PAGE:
On AstraZeneca, macrocycles, and logD

Earlier today I was in Boston, where I gave a talk at AstraZeneca (in fact, the exact location was Waltham, Mass). My former student Tim Rasmusson is working there now, so it was great to see him again. Dr. Scott Cowen was my host and he was responsible for bringing me to their site. Throughout the day I met a lot of people and heard a very coherent message, which indicates that macrocycles are among the coolest commodities in today’s drug discovery. One of the reasons Scott brought me over had to do with an ongoing collaboration between AstraZeneca and Encycle Therapeutics (http://www.encycletherapeutics.com), the company I started together with MaRS Innovations in 2012. Encycle now has 8 employees and is in hot pursuit of several proprietary targets in addition to collaborations with AstraZeneca, Merck, GSK, and Pfizer. We will be updating our website soon, so stay tuned! I was encouraged by the warm reception our platform has received at AstraZeneca. This interest provides further impetus for trying hard to reach our milestones. I want to stress that we are working together with an awesome team led by Professor Eric Marsault of the University of Sherbrooke. Together, we are amassing an impressive collection of macrocycles that are being evaluated using a wide range of techniques.

I don’t intend to talk about any of Encycle’s accomplishments today, although I can say a lot in praise of the hard work of our team. This will be mentioned in detail once we make some corporate announcements (I hope soon). Instead, I want to discuss an issue that continues to present challenges in the general area of peptide macrocycles. These molecules are substantially larger than their small molecule counterparts. Macrocycles have high polar surface areas due to the presence of multiple amide bonds. This makes it difficult for them to traverse cellular membranes, which is something I noted in the past when I said that control over intramolecular hydrogen bonds is key to reducing the polar surface area of these molecules. logD, or the logarithm of the ratio of the concentration of a given molecule in octanol to the concentration of it in water at a given pH, is one of the metrics that is widely used to assess lipophilicity. logD can be measured experimentally and can be reliably computed, with the caveat that there are big discrepancies between experiment and computation when it comes to molecules that can form intramolecular hydrogen bonds. Incidentally, this problem affects even fairly simple compounds. While visiting AstraZeneca, I was reminded that the calculated logD of the following two molecules is identical, although the experimental values are vastly different due to the presence of an intramolecular hydrogen bond in the first case. Image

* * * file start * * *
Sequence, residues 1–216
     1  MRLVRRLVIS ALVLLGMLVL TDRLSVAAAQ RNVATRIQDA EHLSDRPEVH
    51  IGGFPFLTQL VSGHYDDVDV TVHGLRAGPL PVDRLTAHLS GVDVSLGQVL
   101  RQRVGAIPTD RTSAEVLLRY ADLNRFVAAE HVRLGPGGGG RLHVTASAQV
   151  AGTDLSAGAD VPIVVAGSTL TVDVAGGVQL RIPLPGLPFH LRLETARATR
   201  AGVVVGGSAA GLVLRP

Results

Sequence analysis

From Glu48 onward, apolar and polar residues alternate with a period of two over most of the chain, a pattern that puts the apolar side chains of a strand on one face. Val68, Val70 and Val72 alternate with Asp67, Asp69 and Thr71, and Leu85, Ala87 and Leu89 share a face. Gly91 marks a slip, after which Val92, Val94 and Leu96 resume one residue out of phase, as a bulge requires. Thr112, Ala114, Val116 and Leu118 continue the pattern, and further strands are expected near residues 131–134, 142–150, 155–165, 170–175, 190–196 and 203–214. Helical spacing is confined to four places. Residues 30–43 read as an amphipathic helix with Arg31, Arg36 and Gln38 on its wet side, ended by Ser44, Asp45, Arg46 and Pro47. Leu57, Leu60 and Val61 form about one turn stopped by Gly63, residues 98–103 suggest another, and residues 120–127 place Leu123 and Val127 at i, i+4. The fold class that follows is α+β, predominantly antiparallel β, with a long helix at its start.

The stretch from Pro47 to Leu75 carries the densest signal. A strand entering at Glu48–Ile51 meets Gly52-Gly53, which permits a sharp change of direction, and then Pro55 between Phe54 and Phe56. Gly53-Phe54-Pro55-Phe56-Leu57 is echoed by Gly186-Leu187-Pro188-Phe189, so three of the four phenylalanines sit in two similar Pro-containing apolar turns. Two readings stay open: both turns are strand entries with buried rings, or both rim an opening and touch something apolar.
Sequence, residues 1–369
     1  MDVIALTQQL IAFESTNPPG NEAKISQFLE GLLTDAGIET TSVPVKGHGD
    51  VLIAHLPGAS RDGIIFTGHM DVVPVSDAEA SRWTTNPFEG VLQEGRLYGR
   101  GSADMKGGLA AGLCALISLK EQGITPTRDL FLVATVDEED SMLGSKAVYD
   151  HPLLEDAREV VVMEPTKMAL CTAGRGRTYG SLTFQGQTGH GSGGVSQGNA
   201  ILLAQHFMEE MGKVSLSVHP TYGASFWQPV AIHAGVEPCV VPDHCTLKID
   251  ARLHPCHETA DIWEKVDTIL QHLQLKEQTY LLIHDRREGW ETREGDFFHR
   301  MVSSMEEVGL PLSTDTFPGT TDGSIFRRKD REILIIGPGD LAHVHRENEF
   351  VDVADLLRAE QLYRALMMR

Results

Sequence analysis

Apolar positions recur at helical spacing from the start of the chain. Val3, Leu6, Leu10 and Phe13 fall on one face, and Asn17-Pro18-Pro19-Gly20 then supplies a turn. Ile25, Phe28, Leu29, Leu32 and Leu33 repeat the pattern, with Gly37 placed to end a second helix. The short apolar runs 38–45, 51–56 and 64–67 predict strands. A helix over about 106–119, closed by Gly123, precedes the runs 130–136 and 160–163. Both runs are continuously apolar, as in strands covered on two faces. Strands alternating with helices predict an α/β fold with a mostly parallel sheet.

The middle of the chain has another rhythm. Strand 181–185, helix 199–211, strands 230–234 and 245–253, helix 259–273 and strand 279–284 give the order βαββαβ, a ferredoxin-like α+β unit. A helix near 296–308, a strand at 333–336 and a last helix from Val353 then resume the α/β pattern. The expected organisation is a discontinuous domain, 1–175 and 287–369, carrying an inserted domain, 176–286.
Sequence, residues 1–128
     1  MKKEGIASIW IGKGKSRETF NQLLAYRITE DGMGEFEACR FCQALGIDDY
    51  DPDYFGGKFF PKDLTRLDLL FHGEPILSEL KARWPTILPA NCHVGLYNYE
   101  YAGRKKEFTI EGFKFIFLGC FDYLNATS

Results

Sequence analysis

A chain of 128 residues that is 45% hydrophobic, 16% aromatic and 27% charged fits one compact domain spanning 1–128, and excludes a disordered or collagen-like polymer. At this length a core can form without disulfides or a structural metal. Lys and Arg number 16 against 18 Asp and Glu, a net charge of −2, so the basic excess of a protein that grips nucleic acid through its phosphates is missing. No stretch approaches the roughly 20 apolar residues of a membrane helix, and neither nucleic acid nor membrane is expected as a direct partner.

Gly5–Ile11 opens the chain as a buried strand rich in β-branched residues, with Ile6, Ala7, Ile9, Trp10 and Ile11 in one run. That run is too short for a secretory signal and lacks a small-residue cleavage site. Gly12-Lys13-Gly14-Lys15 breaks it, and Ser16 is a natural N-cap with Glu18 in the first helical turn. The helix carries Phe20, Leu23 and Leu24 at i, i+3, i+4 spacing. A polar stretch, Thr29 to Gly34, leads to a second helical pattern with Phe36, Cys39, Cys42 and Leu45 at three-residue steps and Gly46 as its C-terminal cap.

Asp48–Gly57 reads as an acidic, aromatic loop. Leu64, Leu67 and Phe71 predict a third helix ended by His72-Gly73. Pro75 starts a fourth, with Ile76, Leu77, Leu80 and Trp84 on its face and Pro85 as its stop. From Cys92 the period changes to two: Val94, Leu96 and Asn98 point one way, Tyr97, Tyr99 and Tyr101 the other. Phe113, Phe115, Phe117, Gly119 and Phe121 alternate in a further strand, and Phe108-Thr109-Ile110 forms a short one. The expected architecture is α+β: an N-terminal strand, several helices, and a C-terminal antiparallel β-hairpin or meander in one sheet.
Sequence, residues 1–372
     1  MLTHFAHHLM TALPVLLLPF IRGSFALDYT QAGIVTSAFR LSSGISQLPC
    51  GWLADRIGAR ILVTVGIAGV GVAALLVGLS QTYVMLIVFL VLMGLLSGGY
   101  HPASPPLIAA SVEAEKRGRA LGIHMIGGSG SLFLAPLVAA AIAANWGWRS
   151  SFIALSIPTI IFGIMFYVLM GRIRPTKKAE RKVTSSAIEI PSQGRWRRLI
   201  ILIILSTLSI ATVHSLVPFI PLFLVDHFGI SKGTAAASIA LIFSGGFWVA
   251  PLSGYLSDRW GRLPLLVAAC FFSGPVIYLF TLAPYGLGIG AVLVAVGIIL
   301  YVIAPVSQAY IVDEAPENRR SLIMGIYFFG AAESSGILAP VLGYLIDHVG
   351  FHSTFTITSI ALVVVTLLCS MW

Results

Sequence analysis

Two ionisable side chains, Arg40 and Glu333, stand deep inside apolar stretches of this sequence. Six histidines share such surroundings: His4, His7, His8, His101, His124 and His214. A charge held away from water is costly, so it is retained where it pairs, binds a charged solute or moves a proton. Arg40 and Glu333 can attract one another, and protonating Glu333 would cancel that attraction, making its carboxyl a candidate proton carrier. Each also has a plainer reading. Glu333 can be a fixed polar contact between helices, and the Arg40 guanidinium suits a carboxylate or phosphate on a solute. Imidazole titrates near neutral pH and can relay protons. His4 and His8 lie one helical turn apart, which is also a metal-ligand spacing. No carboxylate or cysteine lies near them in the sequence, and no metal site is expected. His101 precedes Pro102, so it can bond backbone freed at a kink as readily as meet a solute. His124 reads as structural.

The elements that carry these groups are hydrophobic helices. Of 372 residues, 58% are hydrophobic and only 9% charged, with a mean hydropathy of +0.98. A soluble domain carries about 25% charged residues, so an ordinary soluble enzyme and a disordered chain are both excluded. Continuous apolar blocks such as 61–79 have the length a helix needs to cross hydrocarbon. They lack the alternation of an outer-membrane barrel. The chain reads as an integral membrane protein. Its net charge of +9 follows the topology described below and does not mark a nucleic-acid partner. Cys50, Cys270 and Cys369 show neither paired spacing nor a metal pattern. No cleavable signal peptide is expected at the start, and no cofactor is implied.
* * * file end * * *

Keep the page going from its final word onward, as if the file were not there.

If folks are having trouble with such simple stuff, just think about the nightmares you’ll have when it comes to giant rings with rich conformational space. We really need to improve computational approaches in order to enumerate virtual libraries of macrocycles. I guess this is today’s message. Once again, today was a great one-day visit to Boston, so thanks to Tim and Scott (I loved that Venezuelan restaurant!).

2 thoughts on “On AstraZeneca, macrocycles, and logD

  1. Is there a chance you could switch to N-Me aminoacids or peptoids? Multiple NH in amides and sulfonamides are such a bad player in terms of cell penetrability, unless you manage to mask them by intramolecular bond formation…

    Also, would greasy ester prodrug on tyrosine O help? I mention this because phalloidin cell permeability is vastly improved by monoesterification with of oleic acid, see for example


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